Written Questions are submitted by MPs or Lords to receive information from a Department.
|12 May 2020, 4:02 p.m.||Christopher Chope (Conservative - Christchurch)||Christopher Chope (Conservative - Christchurch)|
Question to the Department of Health and Social Care:
To ask the Secretary of State for Health and Social Care, if he will make it the policy of the Government to use the Nightingale temporary hospitals as isolation hospitals for covid-19 patients so that other hospitals can prioritise patients without covid-19; and if he will make a statement.
Answered by Edward Argar - Minister of State (Department of Health and Social Care)
The establishment of the Nightingale hospitals was an unprecedented response to an unprecedented challenge and they provided extra capacity to manage potential surges in demand due to COVID-19.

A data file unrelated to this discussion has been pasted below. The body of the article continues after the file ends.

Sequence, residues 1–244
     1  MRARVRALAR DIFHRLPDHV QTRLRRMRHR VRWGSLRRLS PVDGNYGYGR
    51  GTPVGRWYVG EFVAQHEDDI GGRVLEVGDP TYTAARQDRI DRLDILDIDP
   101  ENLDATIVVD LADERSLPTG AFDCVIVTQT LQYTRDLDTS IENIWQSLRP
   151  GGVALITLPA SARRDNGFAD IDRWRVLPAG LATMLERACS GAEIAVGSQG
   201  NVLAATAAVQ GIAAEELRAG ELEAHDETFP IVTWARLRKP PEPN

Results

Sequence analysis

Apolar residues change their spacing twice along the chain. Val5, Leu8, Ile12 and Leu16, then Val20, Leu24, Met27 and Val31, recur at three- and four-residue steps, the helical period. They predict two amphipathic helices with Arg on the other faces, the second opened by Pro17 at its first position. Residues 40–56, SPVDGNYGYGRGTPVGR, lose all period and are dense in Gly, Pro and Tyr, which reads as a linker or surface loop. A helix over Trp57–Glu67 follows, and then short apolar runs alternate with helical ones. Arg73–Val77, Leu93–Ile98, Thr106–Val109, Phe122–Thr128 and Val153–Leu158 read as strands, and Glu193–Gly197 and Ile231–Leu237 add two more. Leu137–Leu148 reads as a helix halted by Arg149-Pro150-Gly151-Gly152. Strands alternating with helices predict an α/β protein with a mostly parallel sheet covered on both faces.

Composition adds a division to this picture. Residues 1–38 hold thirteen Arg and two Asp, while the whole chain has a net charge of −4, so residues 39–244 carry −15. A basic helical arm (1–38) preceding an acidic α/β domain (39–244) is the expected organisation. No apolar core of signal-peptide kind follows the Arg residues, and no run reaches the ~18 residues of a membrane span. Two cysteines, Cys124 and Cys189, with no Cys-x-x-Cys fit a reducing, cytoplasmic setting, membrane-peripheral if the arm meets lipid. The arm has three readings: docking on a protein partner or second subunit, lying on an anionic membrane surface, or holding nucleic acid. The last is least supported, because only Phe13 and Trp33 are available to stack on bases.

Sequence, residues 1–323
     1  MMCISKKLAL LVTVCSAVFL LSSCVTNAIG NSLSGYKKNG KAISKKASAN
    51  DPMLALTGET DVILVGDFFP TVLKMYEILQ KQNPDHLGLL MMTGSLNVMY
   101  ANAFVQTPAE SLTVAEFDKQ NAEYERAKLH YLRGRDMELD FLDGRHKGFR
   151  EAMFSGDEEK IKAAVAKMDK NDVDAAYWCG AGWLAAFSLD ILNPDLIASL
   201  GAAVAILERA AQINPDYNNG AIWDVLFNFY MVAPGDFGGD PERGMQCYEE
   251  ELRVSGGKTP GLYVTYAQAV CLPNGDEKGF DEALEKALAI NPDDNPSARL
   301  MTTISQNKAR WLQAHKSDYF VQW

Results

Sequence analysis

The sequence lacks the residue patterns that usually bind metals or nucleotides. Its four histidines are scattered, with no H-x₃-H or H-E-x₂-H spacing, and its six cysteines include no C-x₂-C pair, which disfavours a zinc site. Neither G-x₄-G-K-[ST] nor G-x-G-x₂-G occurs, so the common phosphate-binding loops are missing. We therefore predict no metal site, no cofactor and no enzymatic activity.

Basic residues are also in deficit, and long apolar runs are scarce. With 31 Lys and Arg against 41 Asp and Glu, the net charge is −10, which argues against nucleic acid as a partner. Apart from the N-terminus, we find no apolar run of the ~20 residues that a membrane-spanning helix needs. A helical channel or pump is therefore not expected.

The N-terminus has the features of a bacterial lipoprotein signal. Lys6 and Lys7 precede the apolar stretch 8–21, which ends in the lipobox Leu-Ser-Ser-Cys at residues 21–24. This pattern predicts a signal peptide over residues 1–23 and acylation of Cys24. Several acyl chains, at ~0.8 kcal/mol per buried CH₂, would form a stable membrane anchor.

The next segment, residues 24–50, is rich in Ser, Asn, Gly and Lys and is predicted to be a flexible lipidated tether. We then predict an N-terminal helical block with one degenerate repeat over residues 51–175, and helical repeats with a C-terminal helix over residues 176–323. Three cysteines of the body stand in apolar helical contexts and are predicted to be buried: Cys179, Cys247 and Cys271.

Now that we are coming through the peak of infection rates, it has been decided that the National Health Service currently has sufficient capacity to deal with anticipated demand.
As such, the Nightingale hospital in London has been placed on standby, but retains the capacity to stand up again should the need arise.
Work is underway to consider how the Nightingale Hospitals’ role may be adapted as the NHS seeks to resume activity that had to be paused in the first phase of our response to the pandemic.
The national Nightingale team will work with regions and host trusts to develop and assure regional proposals for the potential ongoing availability and function of the Nightingale Hospitals.